President Muhammadu Buhari has nominated the present governor of the Central Bank of Nigeria (CBN) Godwin Emefiele to serve for a second five-year term.
Emefiele was first appointed in May 2014 by former president Goodluck Jonathan to replace Muhammad Sanusi. In one sense it has been surprising that Emefiele has survived both the Jonathan and Buhari governments. There has been intense lobbying to replace him with someone from the northern part of the country in line with an unwritten rotation policy between the north and south on key positions. Buhari has, however, resisted the lobbying.
One thing Buhari values more than anything is loyalty and Emefiele has proven his. Buhari fully recognises that whatever achievement he can boast of in his first term — with regard to monetary and wider economic policy — have been mainly driven by CBN policies. Under Emefiele, the central bank has heavily intervened in different sectors of the economy and most importantly for Buhari, has intervened in the foreign exchange market to support a strong Naira despite widespread calls from economists to devalue the currency. This has earned Emefiele his political capital from the Buhari Administration. The president has long favoured a strong Naira over a free floating currency, as part of state-managed economic policies.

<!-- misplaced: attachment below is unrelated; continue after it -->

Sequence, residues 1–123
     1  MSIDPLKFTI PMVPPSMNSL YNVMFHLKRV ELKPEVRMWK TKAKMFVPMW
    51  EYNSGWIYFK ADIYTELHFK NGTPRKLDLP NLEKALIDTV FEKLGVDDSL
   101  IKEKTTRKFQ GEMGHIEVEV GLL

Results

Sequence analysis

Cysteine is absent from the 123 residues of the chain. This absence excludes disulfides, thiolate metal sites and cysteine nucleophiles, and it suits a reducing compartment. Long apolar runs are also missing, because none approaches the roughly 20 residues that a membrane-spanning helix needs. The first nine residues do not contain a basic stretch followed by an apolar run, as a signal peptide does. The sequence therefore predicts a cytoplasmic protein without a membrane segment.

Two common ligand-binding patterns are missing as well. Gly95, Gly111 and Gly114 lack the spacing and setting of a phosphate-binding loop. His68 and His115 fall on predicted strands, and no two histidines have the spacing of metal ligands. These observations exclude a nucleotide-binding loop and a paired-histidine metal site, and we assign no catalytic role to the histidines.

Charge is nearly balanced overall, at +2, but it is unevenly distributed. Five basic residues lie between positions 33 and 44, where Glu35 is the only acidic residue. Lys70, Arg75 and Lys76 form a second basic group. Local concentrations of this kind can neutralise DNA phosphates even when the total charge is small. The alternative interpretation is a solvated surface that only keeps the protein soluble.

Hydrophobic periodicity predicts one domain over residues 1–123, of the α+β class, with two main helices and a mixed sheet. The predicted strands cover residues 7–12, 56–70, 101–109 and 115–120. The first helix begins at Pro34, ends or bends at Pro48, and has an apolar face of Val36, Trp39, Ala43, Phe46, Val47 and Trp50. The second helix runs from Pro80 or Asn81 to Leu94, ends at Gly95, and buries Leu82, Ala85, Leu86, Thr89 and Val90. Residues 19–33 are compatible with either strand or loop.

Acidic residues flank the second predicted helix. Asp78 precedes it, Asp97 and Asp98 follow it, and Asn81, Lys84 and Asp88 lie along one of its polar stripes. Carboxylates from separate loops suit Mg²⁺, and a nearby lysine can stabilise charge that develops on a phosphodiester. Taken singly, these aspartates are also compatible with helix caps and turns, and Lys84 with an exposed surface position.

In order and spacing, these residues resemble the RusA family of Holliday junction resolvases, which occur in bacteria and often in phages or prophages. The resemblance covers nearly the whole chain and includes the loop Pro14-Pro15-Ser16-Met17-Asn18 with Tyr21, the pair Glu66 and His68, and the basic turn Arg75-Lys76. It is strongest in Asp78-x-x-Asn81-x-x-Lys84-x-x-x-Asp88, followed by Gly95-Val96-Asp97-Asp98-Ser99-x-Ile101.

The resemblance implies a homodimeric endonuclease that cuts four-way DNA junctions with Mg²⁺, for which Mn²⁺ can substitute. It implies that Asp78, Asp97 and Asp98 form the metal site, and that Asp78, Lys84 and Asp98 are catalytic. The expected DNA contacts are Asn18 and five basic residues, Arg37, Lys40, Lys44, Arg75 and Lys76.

Critics say Emefiele has compromised the central bank’s independence in the way he pursued policies that are only favourable to the president. The governor’s policies have brought controversial results. For example, his intervention schemes have left banks with little or no incentive to lend to the private sector, so credit growth is at an all-time low.
Emefiele’s next five years will not be significantly different from the last five. The stock market did not respond positively to his nomination as it continued a five day decline on 10 May to reach a two-year low. The Naira and bond yields also remained largely unchanged after the announcement which is an indication that bond and currency traders do not expect any significant changes in the monetary policy direction.
The only factor that will cause a major shift in policy direction will be a significant decline in oil prices.